I hope you'll agree we have a nice and varied little collection of items here this month!
I had an interesting e-mail from Peter Miller, whose chum had bought a Robbe 'Charly' r/c model parachutist at an auction and needed some help and advice about setting him up. It was an unusual request which I couldn't answer, but I knew a man who could! Read all about it next month!
Trans-Atlantic Flight of an FAI legal r/c model
Record attempt planned for August 7th 2002
Latest news from Carl Layden
On club scene #53, Craig Trickett, President of St John's R/C Flyers, Newfoundland, Canada, gave us news of a planned world record flight of the Atlantic with an r/c plane. Here, Carl Layden, also a member of St Johns and one of the main organisers of the event from the Newfoundland end, gives us the latest news.
Some of you may ask,
"What's FAI legal?"
Setting up an external tank for a Cox PeeWee ·020
by Andrew Donatelli
found the engine to be quite reliable running on Norvel 25% fuel.
To set up an external tank
for the Pee Wee, first remove the original tank and drill a hole in the
side of it just large enough to fit a ½A fuel line.
Close encounters with an IFO
I actually think the IFO is going to be a really great flier - I just need to give myself a little more room for some "proper trimming" flights next time.
Next month, read about Tony's rather different model Halifax.
Futaba transmitters alert!
Gordon Cook, Chairman of Test Valley Model Flying Club, UK, alerts us to a weakness in the design of Futaba transmitters that could have cost him dear at the flying field recently. When Gordon ran through his pre-flight checks prior to rotating his pattern ship, he discovered that he had no rudder control in one direction and which then failed entirely, eventually tracking the problem down to a broken wire in his Futaba Field Force 8 transmitter.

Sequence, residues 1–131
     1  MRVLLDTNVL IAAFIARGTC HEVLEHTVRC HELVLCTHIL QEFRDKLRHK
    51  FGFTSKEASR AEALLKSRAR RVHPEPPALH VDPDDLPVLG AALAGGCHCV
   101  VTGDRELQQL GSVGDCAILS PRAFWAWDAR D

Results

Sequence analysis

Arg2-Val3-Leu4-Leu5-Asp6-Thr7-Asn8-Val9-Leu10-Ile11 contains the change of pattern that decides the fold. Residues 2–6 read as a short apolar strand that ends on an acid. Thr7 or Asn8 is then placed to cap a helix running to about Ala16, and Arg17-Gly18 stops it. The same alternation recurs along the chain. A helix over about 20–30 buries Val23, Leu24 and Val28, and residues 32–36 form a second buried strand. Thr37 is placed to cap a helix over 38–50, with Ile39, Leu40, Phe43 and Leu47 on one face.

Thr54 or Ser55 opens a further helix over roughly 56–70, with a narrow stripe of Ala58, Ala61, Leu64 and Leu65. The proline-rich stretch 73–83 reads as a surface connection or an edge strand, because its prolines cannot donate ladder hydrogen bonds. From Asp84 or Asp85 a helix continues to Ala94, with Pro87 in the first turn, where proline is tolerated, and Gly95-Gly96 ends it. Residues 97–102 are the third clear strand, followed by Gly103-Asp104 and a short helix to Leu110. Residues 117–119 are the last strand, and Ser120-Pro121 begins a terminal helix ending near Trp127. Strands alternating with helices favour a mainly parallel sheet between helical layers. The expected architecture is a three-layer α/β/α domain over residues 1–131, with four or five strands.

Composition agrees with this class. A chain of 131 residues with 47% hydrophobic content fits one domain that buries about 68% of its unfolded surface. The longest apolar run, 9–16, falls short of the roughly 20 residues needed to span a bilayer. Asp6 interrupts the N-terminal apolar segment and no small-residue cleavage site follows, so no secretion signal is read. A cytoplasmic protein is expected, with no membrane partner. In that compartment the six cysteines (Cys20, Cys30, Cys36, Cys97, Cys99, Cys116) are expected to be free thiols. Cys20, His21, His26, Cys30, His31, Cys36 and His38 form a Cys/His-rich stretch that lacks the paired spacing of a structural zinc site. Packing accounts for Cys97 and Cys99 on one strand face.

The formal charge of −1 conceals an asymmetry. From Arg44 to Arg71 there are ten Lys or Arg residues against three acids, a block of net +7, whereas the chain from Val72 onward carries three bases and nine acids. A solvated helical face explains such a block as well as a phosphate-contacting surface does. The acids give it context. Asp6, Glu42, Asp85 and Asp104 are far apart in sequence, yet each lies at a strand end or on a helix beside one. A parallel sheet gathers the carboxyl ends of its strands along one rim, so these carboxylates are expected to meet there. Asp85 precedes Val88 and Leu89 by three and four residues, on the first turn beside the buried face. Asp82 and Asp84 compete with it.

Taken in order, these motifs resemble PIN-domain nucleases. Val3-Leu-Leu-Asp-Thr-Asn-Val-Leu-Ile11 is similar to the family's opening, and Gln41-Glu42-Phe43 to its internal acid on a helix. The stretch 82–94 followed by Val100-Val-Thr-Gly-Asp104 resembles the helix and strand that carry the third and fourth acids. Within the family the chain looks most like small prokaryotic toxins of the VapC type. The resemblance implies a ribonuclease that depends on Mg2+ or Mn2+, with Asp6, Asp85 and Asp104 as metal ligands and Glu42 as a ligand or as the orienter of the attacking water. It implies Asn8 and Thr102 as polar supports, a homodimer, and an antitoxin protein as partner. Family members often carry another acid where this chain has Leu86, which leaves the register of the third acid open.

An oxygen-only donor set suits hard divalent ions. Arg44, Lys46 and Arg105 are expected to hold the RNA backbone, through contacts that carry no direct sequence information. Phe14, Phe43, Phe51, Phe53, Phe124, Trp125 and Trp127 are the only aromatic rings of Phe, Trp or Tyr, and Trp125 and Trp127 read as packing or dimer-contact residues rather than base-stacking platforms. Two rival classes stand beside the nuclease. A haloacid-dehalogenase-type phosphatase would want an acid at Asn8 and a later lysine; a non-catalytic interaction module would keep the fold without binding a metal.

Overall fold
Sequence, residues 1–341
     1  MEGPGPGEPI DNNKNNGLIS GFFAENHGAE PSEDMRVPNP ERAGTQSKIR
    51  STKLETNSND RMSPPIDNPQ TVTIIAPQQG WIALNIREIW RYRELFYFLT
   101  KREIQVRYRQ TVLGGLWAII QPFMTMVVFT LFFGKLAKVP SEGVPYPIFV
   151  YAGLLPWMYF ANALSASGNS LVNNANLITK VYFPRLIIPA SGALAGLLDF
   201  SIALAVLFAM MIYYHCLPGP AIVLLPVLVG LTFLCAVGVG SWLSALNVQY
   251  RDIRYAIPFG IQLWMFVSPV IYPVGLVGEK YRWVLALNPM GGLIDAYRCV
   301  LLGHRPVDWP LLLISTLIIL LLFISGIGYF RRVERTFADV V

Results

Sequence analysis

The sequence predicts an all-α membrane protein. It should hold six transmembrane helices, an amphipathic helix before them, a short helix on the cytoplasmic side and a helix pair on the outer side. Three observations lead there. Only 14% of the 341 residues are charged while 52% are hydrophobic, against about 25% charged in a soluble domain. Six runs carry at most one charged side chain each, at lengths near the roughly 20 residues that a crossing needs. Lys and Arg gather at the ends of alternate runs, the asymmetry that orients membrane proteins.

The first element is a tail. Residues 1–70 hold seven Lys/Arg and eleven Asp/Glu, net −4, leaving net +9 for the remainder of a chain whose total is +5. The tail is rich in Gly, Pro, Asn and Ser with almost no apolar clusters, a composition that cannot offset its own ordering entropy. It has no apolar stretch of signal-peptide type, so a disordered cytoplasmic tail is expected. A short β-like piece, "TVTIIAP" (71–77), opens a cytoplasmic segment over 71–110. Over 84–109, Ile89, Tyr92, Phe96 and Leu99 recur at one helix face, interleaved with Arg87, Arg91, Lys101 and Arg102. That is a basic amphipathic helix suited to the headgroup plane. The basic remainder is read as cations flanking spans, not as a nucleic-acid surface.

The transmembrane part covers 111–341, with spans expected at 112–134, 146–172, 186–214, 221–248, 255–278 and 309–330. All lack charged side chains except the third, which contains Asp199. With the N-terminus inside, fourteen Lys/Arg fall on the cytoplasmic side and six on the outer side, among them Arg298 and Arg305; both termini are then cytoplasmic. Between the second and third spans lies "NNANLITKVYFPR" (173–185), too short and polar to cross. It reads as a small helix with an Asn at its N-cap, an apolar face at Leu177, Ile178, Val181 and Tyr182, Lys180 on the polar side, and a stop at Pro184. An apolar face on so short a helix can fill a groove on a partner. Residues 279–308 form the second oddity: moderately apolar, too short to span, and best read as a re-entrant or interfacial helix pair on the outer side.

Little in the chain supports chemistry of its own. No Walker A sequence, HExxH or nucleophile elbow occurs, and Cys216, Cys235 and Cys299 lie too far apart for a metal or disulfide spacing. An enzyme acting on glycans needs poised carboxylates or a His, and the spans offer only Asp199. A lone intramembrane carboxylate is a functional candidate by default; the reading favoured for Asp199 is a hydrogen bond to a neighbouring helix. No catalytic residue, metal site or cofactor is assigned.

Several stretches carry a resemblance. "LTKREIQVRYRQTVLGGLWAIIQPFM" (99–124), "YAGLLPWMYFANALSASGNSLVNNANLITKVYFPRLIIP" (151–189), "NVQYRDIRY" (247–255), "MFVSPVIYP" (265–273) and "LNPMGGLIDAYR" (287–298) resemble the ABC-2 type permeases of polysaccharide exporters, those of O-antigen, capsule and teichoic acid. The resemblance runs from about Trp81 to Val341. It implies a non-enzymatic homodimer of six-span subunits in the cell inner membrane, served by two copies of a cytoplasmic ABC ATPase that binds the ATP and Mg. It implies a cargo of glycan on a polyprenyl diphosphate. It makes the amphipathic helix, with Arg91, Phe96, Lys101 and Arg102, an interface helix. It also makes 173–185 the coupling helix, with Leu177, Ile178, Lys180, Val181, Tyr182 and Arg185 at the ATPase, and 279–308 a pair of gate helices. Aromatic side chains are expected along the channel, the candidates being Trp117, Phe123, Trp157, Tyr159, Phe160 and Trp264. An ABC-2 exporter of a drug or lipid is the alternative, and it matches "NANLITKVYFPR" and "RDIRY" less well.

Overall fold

is set up in Mode 1 and the problem was that there is a small circuit
board mounted at the base of the stick that actually moves back and forth
when the stick is used in the elevator sense - elevator and rudder control
being paired on the left-hand stick in Mode 1, as viewed from the operating
position. Wires from the board are connected back to the relevant pots
and the continued flexing of the wires to the rudder pot as the stick
has been used for elevator control caused fatigue in the wires to the
point of breaking. Gordon thinks that the reason why the rudder worked
in one direction only - for those last few movements that were witnessed
before total failure - was that in one direction the rudder wiring is
in compression and the other in tension.
Not much you can do about it, except to be aware of the possibility of this fault developing and if you have a transmitter that has been in fairly regular use over a period of three or four years, check it out!
Arising from this incident and from his own considerable experience and pedigree in model flying, Gordon has written a very thought-provoking piece on the general reliability of transmitters. Look out for it on the September issue of ModelFlight.
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